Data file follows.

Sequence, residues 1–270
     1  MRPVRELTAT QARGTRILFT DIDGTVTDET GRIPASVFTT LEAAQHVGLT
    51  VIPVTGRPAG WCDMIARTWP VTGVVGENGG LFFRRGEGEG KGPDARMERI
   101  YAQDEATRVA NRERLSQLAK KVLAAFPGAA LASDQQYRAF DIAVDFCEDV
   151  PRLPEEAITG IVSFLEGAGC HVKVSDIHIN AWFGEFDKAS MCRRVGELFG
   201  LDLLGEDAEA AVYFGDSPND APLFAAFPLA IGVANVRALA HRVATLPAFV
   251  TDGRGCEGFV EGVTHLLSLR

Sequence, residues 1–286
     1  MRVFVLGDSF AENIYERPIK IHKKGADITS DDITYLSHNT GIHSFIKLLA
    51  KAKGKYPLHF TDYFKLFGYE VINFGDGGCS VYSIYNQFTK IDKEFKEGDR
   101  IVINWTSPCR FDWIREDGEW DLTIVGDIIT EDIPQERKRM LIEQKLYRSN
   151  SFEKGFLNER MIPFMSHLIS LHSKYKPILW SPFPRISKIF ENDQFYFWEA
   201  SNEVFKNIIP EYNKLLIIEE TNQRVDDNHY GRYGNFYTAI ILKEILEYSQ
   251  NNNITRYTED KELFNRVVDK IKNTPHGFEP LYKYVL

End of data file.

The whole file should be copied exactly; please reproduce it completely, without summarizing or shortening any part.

Sequence, residues 1–270
     1  MRPVRELTAT QARGTRILFT DIDGTVTDET GRIPASVFTT LEAAQHVGLT
    51  VIPVTGRPAG WCDMIARTWP VTGVVGENGG LFFRRGEGEG KGPDARMERI
   101  YAQDEATRVA NRERLSQLAK KVLAAFPGAA LASDQQYRAF DIAVDFCEDV
   151  PRLPEEAITG IVSFLEGAGC HVKVSDIHIN AWFGEFDKAS MCRRVGELFG
   201  LDLLGEDAEA AVYFGDSPND APLFAAFPLA IGVANVRALA HRVATLPAFV
   251  TDGRGCEGFV EGVTHLLSLR

Sequence, residues 1–286
     1  MRVFVLGDSF AENIYERPIK IHKKGADITS DDITYLSHNT GIHSFIKLLA
    51  KAKGKYPLHF TDYFKLFGYE VINFGDGGCS VYSIYNQFTK IDKEFKEGDR
   101  IVINWTSPCR FDWIREDGEW DLTIVGDIIT EDIPQERKRM LIEQKLYRSN
   151  SFEKGFLNER MIPFMSHLIS LHSKYKPILW SPFPRISKIF ENDQFYFWEA
   201  SNEVFKNIIP EYNKLLIIEE TNQRVDDNHY GRYGNFYTAI ILKEILEYSQ
   251  NNNITRYTED KELFNRVVDK IKNTPHGFEP LYKYVL